Diatribes of Jay

This is a blog of essays on public policy. It shuns ideology and applies facts, logic and math to economic, social and political problems. It has a subject-matter index, a list of recent posts, and permalinks at the ends of posts. Comments are moderated and may take time to appear. Note: Profile updated 4/7/12

30 October 2010

Our New Long, Twilight Struggle


Our midterm election is still three days away. Many of us voted early, including my family. Now we await the verdict of the great “undecided” and mostly unthinking masses.

Among those who are well-informed and still care enough to vote, there is great despair, an instinctual turning away from politics. We are like spectators at a boxing match, in the old days when the number of rounds was unlimited. We watch exhausted, bloody, sweaty, punch-drunk fighters batter each other senseless, hoping the referee calls the fight. Even the most rabid among us are already turning for home.

What we have been watching is neither edifying nor pleasant. It tests the limits of human patience and endurance. It exposes us as soft, weak, and ungainly creatures, driven by instinct and unable to think. It makes us despair for our species. Already our national Court Jester, Gail Collins, has written two columns on how eager we are to move on: a semi-serious reprise and a quiz on this year’s campaign absurdities.

Once Wednesday comes and we know the results, we can assess the damage. In the best of all possible worlds, a good and indefatigable president’s already failing legislative majority will be weaker still. In the worst, demagogues will have taken over the House. They will have a solitary, overriding goal, as already declared: to make the President look bad and remove him from office in 2012.

So if the GOP gains control, the next presidential campaign will begin immediately. The House will provoke government shutdowns. It will start needless and pointless “investigations” and perhaps even groundless impeachment proceedings. No real legislation will move for two years, except perhaps when self-evidently needed to avoid imminent national collapse. We can look forward to two more years of what we are now suffering.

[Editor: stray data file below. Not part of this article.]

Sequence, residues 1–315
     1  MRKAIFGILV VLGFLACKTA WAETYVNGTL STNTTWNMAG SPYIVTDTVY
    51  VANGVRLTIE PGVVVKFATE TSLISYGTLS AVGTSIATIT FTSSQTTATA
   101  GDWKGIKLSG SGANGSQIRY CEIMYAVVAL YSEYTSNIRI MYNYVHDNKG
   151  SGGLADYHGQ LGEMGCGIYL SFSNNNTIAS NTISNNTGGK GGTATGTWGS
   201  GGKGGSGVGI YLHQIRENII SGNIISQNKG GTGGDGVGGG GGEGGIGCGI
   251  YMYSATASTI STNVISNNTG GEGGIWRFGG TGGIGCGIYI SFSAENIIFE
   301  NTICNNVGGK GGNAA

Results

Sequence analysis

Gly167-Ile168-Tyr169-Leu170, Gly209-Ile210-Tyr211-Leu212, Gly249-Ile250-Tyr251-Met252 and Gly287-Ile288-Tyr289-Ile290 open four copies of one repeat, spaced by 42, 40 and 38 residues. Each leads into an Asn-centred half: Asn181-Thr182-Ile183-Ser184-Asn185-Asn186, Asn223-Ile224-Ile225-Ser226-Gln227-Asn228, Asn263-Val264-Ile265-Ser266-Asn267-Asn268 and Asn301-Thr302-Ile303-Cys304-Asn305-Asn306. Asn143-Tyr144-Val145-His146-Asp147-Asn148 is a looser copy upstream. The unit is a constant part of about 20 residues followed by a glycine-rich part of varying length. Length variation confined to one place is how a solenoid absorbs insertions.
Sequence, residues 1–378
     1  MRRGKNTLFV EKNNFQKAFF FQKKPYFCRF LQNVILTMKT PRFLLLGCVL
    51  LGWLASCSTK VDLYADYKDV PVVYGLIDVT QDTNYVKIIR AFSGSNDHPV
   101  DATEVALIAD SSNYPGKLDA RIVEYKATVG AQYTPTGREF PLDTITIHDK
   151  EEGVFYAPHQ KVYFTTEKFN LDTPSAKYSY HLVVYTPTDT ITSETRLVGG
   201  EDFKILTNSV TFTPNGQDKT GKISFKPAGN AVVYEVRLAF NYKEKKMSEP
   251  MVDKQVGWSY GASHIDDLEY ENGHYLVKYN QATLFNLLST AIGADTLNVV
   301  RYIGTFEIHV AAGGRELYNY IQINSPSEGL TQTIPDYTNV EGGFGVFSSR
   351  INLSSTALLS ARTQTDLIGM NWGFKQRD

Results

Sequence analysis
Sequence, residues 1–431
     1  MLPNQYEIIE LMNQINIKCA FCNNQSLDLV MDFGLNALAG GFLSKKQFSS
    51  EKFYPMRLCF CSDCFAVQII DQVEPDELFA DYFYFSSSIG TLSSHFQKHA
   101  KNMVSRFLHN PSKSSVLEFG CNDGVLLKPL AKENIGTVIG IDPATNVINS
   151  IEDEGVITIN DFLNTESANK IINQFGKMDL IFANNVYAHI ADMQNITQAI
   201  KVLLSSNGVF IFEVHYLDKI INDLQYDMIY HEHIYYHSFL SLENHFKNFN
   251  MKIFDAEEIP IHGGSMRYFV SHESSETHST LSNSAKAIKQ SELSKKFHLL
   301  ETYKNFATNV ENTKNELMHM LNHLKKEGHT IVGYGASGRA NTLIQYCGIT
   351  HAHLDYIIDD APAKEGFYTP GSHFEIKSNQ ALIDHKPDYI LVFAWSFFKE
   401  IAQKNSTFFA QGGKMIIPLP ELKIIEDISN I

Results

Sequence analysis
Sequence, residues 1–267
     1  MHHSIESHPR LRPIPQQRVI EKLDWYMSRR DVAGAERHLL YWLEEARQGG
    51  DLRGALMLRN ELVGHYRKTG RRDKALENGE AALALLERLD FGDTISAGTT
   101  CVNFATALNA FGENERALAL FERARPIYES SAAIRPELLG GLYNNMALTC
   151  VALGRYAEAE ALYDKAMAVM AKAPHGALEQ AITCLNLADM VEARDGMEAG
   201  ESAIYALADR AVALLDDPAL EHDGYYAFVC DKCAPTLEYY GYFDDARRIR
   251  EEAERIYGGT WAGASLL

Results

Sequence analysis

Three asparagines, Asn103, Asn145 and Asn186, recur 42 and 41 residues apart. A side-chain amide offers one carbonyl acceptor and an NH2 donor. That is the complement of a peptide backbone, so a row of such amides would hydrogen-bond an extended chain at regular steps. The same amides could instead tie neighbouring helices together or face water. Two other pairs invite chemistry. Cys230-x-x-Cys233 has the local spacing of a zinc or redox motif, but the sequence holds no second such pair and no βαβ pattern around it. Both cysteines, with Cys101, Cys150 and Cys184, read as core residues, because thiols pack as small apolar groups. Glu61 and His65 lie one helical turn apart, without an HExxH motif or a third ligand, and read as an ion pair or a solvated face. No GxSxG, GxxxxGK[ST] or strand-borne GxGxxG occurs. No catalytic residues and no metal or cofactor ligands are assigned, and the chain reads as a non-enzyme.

One result of this deepening legislative paralysis will be further entrenchment of executive power. A bickering, do-nothing legislature invites the Executive to step in and usurp its unused prerogatives. Does anyone even remember that Congress alone has the power to declare war? That’s the one (perhaps the only) clear thing that Dubya’s last two years and Obama’s first two have in common: a slow but steady creep toward Empire.

And why not? While our paralyzed legislature dithers, the people expect to be protected from terrorism and the ravages of economic ruin. The President and all the many thousands who work for him are sworn to do so. They will strive to the limits of their ability, and they will stretch the boundaries of their legal authority, just as did Dubya and his minions. No one will look back to see the Constitution and the foundations of our Republic steadily eroding. No one will think too long about how the other party, once back in power, will continue the same process, as Congress subsides into complete irrelevance.

That was what happened to the Senate in ancient Rome, and that is how it may be with us. China and Russia will continue to converge with us as authoritarian states leavened with limited democracy, as China and Russia loosen their reins while we tighten ours to compete and survive. India—for all its caste intolerance, poverty and chaos—likely will remain the world’s biggest democracy. Godspeed.

JFK once called the Cold War a “long, twilight struggle.” That struggle worked out pretty well, at least for most of the world. There was no nuclear Armageddon, with its threat of species extinction. There wasn’t even a large conventional war. There were only petty conflicts, ruinous weapon building, and lots of not-so-diplomatic trash talk, followed by the Soviet Union’s collapse and the War’s end.

Because the Soviet Union dissolved, we thought we “won.” But no one won. Both sides lost.

Both sides were punch-drunk with ideological simplicity, jingoism and massive overinvestment in strategic weapons. For decades, both sides stopped thinking seriously about economic and social advancement in favor of cartoon ideologies and Metternichian power politics. Both sides held much of the rest of the world in thrall and economic paralysis as vassal states, by military, diplomatic or economic force.